June 21, 2013
Cities Are Like Stars, Says Researcher, And We Need To Better Understand Them
Brett Smith for redOrbit.com - Your Universe Online
According to an unusual new paper in the journal Science, cities can act very much like our sun. However, instead of smashing hydrogen atoms together to make energy, cities smash people together – creating social connections that can result in different kinds of energy: innovation and productivity.
"It’s an entirely new kind of complex system that we humans have created," said study author Luis Bettencourt, a professor at the Santa Fe Institute. "A city is first and foremost a social reactor. It works like a star, attracting people and accelerating social interaction and social outputs in a way that is analogous to how stars compress matter and burn brighter and faster the bigger they are."
Despite the convenient analogy, Bettencourt also asserted that the social “math” that occurs within cities is actually far different than the calculations explaining what goes on inside a star. The Santa Fe researcher said the social network component of cities is what separates them from simply being a type of social reactor.
Bettencourt’s paper, and his theory, is based on four main principles: mixing population, incremental network growth, the limits of human effort, and socioeconomic outputs as they relate to social interactions.
According to the study, a city develops as a network of social interaction that optimizes the conditions of its residents. As cities grow, they add to their infrastructure – allowing for further growth. Because of the limits of human effort, cities never experience rapid, uncontrollable growth, Bettencourt concluded.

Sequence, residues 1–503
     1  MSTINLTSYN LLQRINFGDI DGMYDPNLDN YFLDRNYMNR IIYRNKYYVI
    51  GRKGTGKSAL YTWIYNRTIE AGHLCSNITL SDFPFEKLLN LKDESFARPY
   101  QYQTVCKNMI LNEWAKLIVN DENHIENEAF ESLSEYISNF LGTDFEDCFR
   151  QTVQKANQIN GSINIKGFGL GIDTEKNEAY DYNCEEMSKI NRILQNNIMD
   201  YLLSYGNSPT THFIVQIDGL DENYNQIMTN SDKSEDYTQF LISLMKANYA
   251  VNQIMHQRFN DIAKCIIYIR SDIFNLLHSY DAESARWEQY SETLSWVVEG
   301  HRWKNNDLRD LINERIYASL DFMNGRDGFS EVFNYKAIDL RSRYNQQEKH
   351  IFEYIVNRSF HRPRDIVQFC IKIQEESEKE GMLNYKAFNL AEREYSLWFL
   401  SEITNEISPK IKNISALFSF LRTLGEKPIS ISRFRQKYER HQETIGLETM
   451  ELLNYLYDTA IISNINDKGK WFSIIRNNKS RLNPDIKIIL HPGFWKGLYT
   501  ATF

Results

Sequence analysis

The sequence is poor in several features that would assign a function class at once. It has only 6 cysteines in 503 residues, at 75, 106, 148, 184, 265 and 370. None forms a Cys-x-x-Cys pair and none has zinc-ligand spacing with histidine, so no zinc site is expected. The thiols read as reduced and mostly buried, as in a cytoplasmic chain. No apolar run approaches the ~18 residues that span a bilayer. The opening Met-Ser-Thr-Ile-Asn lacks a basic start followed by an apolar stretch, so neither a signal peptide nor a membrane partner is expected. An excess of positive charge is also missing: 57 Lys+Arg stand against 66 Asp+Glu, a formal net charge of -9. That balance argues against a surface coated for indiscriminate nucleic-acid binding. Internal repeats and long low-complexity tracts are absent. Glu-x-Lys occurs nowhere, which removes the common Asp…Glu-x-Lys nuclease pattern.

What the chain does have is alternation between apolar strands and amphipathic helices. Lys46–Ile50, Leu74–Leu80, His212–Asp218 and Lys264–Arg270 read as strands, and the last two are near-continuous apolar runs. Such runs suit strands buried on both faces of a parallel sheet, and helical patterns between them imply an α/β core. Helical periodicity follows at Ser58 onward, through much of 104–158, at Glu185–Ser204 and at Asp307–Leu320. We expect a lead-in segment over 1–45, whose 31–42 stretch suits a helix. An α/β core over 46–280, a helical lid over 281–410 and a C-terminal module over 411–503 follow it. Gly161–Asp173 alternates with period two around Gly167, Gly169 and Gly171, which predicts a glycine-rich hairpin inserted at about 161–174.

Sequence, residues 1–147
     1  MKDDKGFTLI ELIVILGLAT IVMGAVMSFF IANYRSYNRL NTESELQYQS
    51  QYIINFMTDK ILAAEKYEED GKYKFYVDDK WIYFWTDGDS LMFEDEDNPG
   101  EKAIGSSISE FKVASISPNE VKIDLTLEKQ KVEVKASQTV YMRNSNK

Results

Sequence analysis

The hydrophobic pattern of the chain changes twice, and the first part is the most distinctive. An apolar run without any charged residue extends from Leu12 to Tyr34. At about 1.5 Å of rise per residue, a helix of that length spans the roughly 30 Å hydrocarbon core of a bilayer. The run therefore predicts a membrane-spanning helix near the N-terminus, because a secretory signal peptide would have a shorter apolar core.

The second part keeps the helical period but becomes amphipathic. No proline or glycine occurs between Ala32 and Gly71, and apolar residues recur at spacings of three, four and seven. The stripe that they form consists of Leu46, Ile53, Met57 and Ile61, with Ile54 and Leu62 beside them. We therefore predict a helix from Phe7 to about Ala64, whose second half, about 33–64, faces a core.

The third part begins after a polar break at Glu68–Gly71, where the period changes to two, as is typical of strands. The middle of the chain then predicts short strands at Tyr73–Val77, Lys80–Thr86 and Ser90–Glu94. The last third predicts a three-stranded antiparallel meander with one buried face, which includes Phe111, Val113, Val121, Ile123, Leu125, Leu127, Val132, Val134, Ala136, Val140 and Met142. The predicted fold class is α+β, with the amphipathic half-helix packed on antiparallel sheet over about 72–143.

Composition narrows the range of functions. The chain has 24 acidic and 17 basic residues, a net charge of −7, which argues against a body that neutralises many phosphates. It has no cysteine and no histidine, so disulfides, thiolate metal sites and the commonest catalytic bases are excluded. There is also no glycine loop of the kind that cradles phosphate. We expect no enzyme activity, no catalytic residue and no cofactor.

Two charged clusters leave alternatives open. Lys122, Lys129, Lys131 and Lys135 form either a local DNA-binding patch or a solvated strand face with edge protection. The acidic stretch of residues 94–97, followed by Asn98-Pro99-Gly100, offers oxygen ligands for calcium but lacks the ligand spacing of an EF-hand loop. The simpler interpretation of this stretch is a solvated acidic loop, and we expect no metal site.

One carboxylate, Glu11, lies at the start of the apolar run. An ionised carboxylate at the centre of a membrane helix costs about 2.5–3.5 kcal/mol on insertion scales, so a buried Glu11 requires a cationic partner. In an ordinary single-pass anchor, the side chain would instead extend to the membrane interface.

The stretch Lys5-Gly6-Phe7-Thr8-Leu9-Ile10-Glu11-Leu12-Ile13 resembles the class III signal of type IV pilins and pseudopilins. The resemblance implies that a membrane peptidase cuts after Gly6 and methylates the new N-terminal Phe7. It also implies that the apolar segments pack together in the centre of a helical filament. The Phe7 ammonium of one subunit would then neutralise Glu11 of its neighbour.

Based on this framework, certain city dynamics are predictable – from land use to rent levels.
"As more people lead urban lives and the number and size of cities expand everywhere, understanding more quantitatively how cities function is increasingly important," Bettencourt said. "Only with a much better understanding of what cities are will we be able to seize the opportunities that cities create and try to avoid some of the immense problems they present. This framework is a step toward a better grasp of the functioning of cities everywhere."
Bettencourt and his colleagues at the Santa Fe Institute have worked over the past decade to study urban data for establishing a quantitative theory of cities, according to a press release. Recent advances in urban data collection and processing has allowed for this relatively new perspective on cities, the study said. Bettencourt noted that the massive volume of new data has facilitated the study of general statistical patterns of urban infrastructure and socioeconomic activity.
"Rapid urbanization is the fastest, most intense social phenomenon that ever happened to humankind, perhaps to biology on Earth," Bettencourt said. "I think we can now start to understand in new and better ways why this is happening everywhere and ultimately what it means for our species and for our planet."
The Santa Fe researcher said his initial framework is a first theoretical stage that needs further refining and expanding. He added that more and better urban data from developing nations will soon become available, allowing for further study in places where knowing how urbanization works is extremely important.